US Infantry Division in Normandy & Brittany, June - August 1944.
with Mike Haught
While I was working on expanding the US Rifle Company in Overlord, I got so interested in the various divisions that I wanted to make them all into forces for Flames Of War. So I’ve taken all of the American divisions that fought in Normandy and Brittany and made a unique company diagram to represent each one. Some have a special rule associated with them in exchange for the normal US Special Rule: Truscott Trot.
Last Updated 12 September 2013.
|28th, 80th, & 5th Infantry Divisions
This week brings the last update for the Citizen Soldiers PDF. It covers the pocket-crushing, fast-chasing, late-arriving US infantry divisions in Northern France. These include the 28th ‘Bloody Bucket’, the 80th ‘Blue Ridge’, and 5th ‘Red Diamond’ Infantry Divisions. Together with those found in the Allied book: Overlord, you should now have all of the infantry divisions that fought in Northern France from June to early August 1944.
Thanks for the support on this project, it was fun to do and I really hope I can tackle something similar with the US divisions in the Ardennes in the future! Until then, get off the beach, smash through the hedgerows, but above all, run the Germans out of France!
|Download a PDF version of the Citizen Soldiers: US Infantry Division in Normandy & Brittany, June - August 1944 here...
|Over the next few weeks, I’ll be posting several divisions based loosely
on the historical timeline they entered the battle for France. Of
course I’m always on the look out for errors and corrections, so if you
spot something, be sure to sound off on the forum.
|30th & 35th Infantry Divisions Added 4 July 2013
This week’s additions to the US Infantry Divisions in France briefing
are the 30th and 35th Infantry Divisions. These two fought side-by-side
at the battle of Mortain during one of Germany’s few panzer offensives
in Normandy called Operation Lüttich.
The German assault, which was meant to severe the US supply lines
feeding Operation Cobra, hit the 30th Infantry on 6 August at Mortain.
The ‘Old Hickory’ Division held against a German corps, but they needed
help as a good portion of their troops were trapped and cut off on Hill
The 35th Infantry Division quickly turned around, having been on its
way to help the Brittany campaign. Already configured as a fast pursuit
division, the Santa Fe division swept in to help the 30th rescue its
trapped troops on Hill 314 and extinguish the last flame in the German
Take command of a rifle company from either of these two divisions
and do your part in smashing Hitler’s dreams of kicking the Allies off
|8th & 83rd Infantry Divisions Added 11 July 2013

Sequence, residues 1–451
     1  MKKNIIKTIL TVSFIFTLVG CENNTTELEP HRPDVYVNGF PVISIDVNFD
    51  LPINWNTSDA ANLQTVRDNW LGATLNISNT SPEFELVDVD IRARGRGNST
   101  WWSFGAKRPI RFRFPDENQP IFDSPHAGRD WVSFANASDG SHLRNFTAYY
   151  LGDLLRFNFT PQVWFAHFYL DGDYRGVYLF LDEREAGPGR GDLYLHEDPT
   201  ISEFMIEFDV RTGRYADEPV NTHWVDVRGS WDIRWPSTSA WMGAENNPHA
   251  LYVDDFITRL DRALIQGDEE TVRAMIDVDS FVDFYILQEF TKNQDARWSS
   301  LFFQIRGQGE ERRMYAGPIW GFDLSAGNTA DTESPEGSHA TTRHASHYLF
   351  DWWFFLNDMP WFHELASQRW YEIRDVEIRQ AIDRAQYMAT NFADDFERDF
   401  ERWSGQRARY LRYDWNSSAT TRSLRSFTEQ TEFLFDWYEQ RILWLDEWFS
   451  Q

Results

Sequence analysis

For this week’s instalment of Citizen Soldiers, we head to Brittany.
It was here that the Germans thought an invasion more likely than in
Normandy, owing to the deep-water port city of Brest, St. Nazaire, and
Lorient. These regions were heavily fortified, including the ancient
citadel of St. Malo on the northern coastline. When the Allies landed in
Normandy, the fortress cities were quickly fortified against inland
assaults, assuring that the fight for Brittany would require a lot of
Saint Malo was the first Allied objective. It was massively fortified
and the US Army greatly underestimated the size of the German garrison
there. Soon the entire 83rd and a regiment from the 8th Infantry
Divisions were involved in reducing the city’s defenses. The street
fighting there taught the doughboys vital lessons, ones that the army
would apply in Brest itself, such as direct-fire missions with heavy
artillery pieces, specialised assault groups using Bangalore explosives
and flame-throwers, and more.
As Saint Malo was being reduced by the 83rd, the bulk of the 8th
Infantry Division moved against Brest and took up a position in line
between the 29th and 2nd Infantry Divisions. Well versed and practiced
in night-time attacks, the 8th, or Pathfinders, used this training to
reduce enemy strongpoints. They held the centre until the area of
operations was too tight to hold three US divisions, at which point the
8th was withdrawn to clear the Crozon Peninsula where it accepted
General Hermann Ramcke’s surrender on 19 September 1944.
You’ll see that these two divisions lack many tanks, due to the fact
that there were actually few Sherman battalions (perhaps only one, the
709th). However, you’ll find no other divisions with more artillery and
firepower available. This might have something to do with both divisions
receiving entire Artillery Groups in support of their siege operations!
So, is your mate’s fortified company causing your doughboys a headache?
Time to send in the 8th or 83rd Infantry Divisions!
Last Updated On Tuesday, December 3, 2013 by Wayne at Battlefront